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17191RE: [Slovak-World] reply to Martin Votruba

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  • Paul Paulochik
    Nov 27, 2006
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      Maybe if the facts were correct it wouldn't have taken 11 years to
      publish?




      -----Original Message-----
      From: Slovak-World@yahoogroups.com [mailto:Slovak-World@yahoogroups.com]
      On Behalf Of dgoska
      Sent: Sunday, November 26, 2006 3:43 PM
      To: Slovak-World@yahoogroups.com
      Subject: [Slovak-World] reply to Martin Votruba



      For Martin Votruba

      You were quite thorough in listing what in the linked article that you
      did not like and that you found flawed and that, in your opinion,
      required your corrections.

      In your list, you did not mention anything positive about the article.

      *You did not even address its main idea.*

      No piece of writing is perfect, and all scholarship benefits from
      correction.

      There are more and less successful ways of offering feedback, however.

      I have to wonder what positive end your list of flaws accomplishes.

      You've alienated me and denigrated an honest attempt to present
      Slovaks to readers who may be unfamiliar.

      I wrote that article eleven years ago, and have been trying to get it
      published ever since.

      One editor kept it for a year and declined to send it out, finally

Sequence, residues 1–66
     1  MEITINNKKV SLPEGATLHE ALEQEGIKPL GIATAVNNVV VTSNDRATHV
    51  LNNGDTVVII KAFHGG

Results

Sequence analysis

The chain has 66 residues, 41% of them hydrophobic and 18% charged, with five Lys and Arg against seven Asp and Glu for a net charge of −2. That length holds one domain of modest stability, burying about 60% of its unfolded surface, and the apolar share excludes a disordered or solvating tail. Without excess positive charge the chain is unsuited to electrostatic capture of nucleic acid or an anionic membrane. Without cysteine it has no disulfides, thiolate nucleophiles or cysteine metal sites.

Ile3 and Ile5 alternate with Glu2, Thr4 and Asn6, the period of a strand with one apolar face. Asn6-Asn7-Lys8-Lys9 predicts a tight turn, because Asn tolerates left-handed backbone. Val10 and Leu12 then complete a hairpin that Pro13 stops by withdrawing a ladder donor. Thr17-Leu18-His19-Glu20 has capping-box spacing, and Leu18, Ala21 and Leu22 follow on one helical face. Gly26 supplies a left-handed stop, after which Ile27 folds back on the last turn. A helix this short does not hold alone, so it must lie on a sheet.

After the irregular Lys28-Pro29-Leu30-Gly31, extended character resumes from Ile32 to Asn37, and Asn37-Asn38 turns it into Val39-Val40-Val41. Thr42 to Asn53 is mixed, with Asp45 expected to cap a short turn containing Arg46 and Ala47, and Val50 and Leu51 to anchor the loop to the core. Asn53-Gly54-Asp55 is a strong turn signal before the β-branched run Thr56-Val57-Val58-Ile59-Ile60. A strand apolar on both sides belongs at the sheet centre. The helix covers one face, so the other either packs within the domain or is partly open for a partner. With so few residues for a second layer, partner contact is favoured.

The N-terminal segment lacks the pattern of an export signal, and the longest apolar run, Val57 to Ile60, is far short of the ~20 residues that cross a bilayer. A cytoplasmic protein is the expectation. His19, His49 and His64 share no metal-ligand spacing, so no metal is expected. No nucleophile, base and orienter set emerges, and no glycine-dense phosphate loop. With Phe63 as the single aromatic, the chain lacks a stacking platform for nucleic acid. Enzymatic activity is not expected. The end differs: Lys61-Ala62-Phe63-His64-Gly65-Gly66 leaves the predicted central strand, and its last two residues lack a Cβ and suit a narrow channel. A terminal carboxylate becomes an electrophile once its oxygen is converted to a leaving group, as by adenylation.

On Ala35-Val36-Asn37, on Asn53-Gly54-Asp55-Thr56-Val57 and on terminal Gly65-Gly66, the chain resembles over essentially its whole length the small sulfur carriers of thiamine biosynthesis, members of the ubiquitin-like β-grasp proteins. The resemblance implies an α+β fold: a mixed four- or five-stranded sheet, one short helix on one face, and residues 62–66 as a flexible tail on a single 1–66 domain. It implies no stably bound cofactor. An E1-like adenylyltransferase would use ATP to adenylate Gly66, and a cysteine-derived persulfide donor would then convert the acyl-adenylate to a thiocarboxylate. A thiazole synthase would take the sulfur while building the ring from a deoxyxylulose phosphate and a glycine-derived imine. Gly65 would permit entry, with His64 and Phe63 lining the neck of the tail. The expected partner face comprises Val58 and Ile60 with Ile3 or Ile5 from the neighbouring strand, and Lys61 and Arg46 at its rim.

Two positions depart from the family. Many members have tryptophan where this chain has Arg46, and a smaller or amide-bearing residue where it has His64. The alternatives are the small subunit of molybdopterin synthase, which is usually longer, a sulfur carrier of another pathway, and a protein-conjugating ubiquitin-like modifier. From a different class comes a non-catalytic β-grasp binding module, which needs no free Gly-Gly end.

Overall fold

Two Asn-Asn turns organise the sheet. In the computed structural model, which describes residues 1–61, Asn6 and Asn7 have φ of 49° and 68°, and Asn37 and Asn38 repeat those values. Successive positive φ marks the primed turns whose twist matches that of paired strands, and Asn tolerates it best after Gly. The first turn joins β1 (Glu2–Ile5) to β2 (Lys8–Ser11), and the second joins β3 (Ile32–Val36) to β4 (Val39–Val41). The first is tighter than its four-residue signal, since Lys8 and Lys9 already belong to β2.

reporting at the end of that year that "no one cares about these
      immigrants who came so long ago and nothing new can be said about them."

      Another editor accepted it, kept it for a year, and then disappeared.

      I gave it to a successful Slovak American scholar and he kept it,
      again for a year, and never did anything with it.

      I continued to believe in the article, though, because it won a
      prestigious award, and readers I shared it with saw something of value
      in it.

      In general it has been my experience that Slavic Americans don't
      support each other in academia.

      As a writer and scholar, I have experienced support -- people who send
      me encouragement, congratulate me when I manage to publish something,
      offer help when I'm researching something -- but, sadly, that has
      often not been the case with Slavic Americans in Academia.

      This is rather sad, because, in the same way that it takes a village
      to raise a child, it takes community to create scholarship. As long as
      Slavic Americans in academia fail to behave as true colleagues to each
      other, we keep each other down, and sabotage scholarship one would
      think we would like to advance.







      [Non-text portions of this message have been removed]
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